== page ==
MP Pleas For NorthWest Busway


List MP and Labour candidate for Te Atatu Phil Twyford has made a plea to the Auckland Council’s Transport Committee proposing a Northwest Busway, similar to the North Shore busway and light rail there as well.

Councillors did not vote for the option - but agreed to send his presentation to Auckland Transport officers asking for consideration of bus options for the SH16 from the bus shoulder to an actual busway.

Using an assumption of a cost of $25m per kilometre including low cost railway platform stations in the central median for 14km, he estimates the total cost at $350m.  Plus a $50 million “green bridge” across the Whau River to carry buses, pedestrians and cyclists to a bus station on Rosebank Peninsula from Great North Rd at Glendene.
Twyford argued that the northwest of Auckland is currently poorly served by public transport. The Western Line does not really serve this part of West Auckland.

He gave as an example that buses to Te Atatu Peninsular operate every 15 minutes during peak times, but only hourly during off peak times and on Saturdays. On Sundays, there is only one bus every two hours connecting the peninsular with central Auckland. Buses from Westgate and Massey after often not much better- yet again having exceedingly slow travel times.

A 7am 080 express from Westgate to Britomart, a 21k distance via Don Buck Road, takes an hour compared to the 7am NEX Albany to Britomart of 17.3km via the busway of 35 minutes.

“In short, the northwest part of Auckland has a significant need for high quality fast public transport because there’s a lack of employment opportunities in the area – yet at the same time this part of Auckland has poor public transport choices.”

Mr Twyford suggested placing a busway on the northern side of the motorway could be the easiest way to do it as potential station sites are located at Pt Chev, Te Atatu, Lincoln Rd and “with a bit more effort” Royal Road, Massey. The location of a busway station at Westgate should be of prime consideration in the redevelopment there.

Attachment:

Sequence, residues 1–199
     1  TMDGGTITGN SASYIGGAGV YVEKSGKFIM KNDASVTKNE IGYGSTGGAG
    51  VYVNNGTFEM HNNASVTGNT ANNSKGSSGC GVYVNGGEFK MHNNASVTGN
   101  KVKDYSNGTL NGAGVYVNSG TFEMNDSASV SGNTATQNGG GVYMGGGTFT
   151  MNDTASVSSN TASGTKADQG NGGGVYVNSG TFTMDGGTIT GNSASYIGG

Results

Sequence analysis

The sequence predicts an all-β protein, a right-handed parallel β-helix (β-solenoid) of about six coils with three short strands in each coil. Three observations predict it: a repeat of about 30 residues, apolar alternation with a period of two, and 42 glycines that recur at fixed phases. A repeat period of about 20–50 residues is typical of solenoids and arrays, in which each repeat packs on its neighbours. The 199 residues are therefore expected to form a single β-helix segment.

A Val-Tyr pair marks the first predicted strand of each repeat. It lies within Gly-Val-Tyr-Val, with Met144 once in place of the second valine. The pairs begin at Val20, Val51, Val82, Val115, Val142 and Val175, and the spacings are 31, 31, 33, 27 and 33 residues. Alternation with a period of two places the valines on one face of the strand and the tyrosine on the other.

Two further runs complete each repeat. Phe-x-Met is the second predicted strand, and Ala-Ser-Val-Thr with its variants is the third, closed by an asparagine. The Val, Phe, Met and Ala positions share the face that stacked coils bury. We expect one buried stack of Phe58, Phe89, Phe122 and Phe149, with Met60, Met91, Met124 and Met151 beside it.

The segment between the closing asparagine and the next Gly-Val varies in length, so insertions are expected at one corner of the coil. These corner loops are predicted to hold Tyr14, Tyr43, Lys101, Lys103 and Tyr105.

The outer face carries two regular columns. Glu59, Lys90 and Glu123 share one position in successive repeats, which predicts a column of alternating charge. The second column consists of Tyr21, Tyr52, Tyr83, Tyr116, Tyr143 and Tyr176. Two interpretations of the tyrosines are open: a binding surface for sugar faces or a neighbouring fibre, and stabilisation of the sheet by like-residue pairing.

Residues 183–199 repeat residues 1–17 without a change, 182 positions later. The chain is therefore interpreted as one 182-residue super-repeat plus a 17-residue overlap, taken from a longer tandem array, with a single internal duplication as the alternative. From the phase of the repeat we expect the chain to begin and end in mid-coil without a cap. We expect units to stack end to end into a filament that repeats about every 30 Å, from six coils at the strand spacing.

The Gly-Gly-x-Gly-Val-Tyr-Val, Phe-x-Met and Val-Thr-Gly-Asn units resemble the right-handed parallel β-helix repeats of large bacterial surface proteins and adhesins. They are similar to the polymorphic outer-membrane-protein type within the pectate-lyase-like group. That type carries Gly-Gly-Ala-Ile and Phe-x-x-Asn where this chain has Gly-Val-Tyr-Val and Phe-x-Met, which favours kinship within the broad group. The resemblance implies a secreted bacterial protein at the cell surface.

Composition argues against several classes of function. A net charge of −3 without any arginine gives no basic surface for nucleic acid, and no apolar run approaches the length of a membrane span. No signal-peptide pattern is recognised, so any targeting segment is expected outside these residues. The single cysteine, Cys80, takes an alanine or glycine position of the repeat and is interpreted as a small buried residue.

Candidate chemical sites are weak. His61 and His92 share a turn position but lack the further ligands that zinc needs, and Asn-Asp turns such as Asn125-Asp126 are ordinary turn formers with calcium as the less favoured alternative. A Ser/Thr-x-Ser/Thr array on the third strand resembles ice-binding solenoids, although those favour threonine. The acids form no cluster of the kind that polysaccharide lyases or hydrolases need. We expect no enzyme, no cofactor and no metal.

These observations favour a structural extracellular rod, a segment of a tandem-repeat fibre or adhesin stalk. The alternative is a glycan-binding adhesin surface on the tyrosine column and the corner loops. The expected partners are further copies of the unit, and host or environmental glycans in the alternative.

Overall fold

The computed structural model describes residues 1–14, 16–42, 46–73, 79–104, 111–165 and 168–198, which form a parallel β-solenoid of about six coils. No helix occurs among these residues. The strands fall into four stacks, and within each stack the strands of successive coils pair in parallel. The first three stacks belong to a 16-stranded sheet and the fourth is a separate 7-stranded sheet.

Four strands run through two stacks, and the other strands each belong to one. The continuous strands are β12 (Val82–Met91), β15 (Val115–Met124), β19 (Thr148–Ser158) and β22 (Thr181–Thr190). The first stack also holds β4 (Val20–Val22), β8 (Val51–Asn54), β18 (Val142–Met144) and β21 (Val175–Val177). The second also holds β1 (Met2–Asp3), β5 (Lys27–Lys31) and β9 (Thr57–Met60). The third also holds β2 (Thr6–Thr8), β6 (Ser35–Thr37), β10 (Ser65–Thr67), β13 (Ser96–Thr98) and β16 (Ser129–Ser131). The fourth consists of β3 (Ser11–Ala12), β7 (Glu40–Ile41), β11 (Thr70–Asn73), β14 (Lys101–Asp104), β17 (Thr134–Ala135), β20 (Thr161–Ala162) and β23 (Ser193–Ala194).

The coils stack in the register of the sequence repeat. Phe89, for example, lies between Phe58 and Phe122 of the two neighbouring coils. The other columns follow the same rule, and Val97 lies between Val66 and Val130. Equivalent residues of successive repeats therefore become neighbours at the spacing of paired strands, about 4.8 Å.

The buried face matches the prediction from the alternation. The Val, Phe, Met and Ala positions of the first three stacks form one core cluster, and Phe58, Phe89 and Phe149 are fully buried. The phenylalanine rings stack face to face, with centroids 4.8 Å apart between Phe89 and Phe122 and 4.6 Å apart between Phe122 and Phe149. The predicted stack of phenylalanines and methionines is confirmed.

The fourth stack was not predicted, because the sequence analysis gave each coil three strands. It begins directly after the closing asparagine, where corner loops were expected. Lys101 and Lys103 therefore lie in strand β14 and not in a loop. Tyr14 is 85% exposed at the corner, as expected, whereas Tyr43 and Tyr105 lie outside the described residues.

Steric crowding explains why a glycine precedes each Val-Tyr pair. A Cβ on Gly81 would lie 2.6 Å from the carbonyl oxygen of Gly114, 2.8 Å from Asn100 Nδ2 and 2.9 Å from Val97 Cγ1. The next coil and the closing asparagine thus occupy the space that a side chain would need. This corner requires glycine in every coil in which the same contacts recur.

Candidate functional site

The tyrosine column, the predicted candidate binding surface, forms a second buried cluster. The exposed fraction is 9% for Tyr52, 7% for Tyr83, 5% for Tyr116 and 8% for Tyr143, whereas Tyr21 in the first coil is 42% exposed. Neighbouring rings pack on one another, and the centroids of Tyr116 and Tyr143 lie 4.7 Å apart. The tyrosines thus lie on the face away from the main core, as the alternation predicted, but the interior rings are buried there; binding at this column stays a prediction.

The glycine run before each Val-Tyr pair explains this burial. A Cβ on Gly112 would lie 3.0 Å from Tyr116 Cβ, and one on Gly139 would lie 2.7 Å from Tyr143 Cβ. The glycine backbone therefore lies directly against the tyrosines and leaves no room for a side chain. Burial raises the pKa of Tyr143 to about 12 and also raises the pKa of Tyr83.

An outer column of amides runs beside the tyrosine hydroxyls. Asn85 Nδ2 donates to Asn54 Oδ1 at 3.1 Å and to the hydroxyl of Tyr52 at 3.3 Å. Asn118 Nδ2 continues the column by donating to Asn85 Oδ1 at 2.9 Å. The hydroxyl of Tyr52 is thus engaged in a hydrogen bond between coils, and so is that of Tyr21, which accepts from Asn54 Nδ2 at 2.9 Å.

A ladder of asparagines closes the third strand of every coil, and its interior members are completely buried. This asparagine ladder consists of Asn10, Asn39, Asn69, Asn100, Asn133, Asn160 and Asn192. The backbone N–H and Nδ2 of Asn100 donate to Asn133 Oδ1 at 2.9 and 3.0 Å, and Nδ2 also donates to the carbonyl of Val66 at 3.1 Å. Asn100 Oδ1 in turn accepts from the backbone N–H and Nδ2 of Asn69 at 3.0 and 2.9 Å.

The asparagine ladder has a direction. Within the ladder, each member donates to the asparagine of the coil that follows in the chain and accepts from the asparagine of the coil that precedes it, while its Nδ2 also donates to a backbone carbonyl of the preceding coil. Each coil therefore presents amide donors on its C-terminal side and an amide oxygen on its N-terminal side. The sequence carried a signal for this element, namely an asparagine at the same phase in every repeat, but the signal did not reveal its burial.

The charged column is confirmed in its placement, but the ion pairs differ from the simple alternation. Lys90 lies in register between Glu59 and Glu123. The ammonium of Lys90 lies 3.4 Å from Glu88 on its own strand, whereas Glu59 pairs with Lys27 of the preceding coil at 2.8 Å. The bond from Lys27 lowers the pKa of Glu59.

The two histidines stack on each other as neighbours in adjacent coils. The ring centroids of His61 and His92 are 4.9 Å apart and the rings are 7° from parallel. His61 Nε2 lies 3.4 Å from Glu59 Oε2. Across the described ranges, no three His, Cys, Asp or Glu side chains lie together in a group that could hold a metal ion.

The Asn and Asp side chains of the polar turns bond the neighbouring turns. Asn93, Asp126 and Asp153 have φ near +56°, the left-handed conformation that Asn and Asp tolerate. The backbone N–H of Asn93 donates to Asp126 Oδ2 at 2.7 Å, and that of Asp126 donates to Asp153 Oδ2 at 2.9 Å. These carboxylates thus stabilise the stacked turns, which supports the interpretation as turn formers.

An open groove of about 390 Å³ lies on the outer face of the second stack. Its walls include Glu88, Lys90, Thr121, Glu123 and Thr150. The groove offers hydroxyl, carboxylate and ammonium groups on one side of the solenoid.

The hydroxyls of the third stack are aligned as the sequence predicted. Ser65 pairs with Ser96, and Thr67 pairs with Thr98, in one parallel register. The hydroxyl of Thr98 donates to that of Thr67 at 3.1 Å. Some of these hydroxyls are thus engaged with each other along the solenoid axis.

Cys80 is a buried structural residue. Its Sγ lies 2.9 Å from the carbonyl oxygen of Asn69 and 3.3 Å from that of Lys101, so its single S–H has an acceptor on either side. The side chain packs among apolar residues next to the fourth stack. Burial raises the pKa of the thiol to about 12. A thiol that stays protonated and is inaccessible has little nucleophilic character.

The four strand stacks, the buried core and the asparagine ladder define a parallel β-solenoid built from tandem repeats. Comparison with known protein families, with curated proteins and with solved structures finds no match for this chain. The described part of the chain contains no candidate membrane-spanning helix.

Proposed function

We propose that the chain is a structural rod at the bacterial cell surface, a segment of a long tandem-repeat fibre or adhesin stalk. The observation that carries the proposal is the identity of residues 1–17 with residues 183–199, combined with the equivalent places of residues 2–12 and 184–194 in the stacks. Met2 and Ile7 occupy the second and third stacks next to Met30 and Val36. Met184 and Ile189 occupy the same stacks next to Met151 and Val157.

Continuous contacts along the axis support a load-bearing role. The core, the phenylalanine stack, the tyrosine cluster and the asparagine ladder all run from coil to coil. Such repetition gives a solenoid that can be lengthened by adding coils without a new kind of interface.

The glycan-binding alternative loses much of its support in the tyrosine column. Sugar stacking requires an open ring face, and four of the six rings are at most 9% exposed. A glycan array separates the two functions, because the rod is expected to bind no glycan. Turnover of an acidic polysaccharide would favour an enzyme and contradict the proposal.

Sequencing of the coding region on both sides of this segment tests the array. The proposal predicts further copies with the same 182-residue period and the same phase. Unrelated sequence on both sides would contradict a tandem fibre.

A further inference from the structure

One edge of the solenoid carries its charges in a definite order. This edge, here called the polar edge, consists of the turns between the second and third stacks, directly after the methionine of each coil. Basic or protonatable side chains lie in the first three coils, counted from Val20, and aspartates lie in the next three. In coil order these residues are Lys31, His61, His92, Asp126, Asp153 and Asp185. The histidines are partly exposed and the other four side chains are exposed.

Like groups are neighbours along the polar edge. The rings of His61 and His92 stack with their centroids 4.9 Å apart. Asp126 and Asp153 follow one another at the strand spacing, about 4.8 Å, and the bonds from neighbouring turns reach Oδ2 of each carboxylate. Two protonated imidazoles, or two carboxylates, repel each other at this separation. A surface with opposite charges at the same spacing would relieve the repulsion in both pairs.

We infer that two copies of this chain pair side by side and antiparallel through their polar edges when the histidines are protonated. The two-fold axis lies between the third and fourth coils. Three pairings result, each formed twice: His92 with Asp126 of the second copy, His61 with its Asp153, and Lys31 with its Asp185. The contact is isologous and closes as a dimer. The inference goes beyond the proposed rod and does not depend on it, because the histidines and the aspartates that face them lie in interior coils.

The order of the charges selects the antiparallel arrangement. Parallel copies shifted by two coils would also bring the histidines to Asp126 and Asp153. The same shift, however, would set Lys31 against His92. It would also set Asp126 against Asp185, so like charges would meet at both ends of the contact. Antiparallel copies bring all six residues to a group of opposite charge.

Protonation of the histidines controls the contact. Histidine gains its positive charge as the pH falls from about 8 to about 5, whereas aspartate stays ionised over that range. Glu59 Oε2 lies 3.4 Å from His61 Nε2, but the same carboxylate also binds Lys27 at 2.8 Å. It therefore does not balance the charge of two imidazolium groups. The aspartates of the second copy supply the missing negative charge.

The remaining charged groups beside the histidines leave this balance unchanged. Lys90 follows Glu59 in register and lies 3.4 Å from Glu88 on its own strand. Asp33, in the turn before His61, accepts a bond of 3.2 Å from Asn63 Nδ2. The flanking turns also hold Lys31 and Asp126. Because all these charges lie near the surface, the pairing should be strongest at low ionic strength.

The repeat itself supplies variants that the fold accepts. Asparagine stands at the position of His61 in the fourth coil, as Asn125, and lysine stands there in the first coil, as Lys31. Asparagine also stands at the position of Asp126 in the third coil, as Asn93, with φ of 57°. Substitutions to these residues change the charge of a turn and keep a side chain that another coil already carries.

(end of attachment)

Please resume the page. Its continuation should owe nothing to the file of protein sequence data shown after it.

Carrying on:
He sees two options between Pt Chev and the CBD:

  • The buses to follow the existing Great North Rd which has reasonably high standard bus lanes
  • The busway to continue down the motorway and eventually link into the city centre via Nelson and Hobson Sts. This might be a staging process. First stage between Pt Chev and Westgate, 2nd between Pt Chev and the city.

With the exception of Westgate stations would be kept away from current congested motorway interchanges and located instead where local roads pass over the motorway at Royal and Waimumu Rd or where they could do so (Flanshaw Rd). A station is also suggested at Rosebank.

He also suggests light rail could be combined with buses. He proposed that the busway should be built with light rail tracks pre-embedded in the surface.
“Light rail on the northern and western busway could be connected throough Britomart which actually has provision for separate light rail tracks built into its structure – currently behind walls. It would be technically possible to run the light rail over the central structure of the Auckland Harbour Bridge. In the CBD the light rail could run on the surface in ways that would be complementary to the rail tunnel.”
The MP said one big effect of the Northern Busway has been a reduction in traffic flows. Between 7am and 8am each weekday, about 8000 people cross the harbour bridge on a bus, a third of all people crossing the bridge at peak times.




  1. greenwelly says:

    “Light rail on the northern and western busway could be connected throough Britomart …
    ….It would be technically possible to run the light rail over the central structure of the Auckland Harbour Bridge.”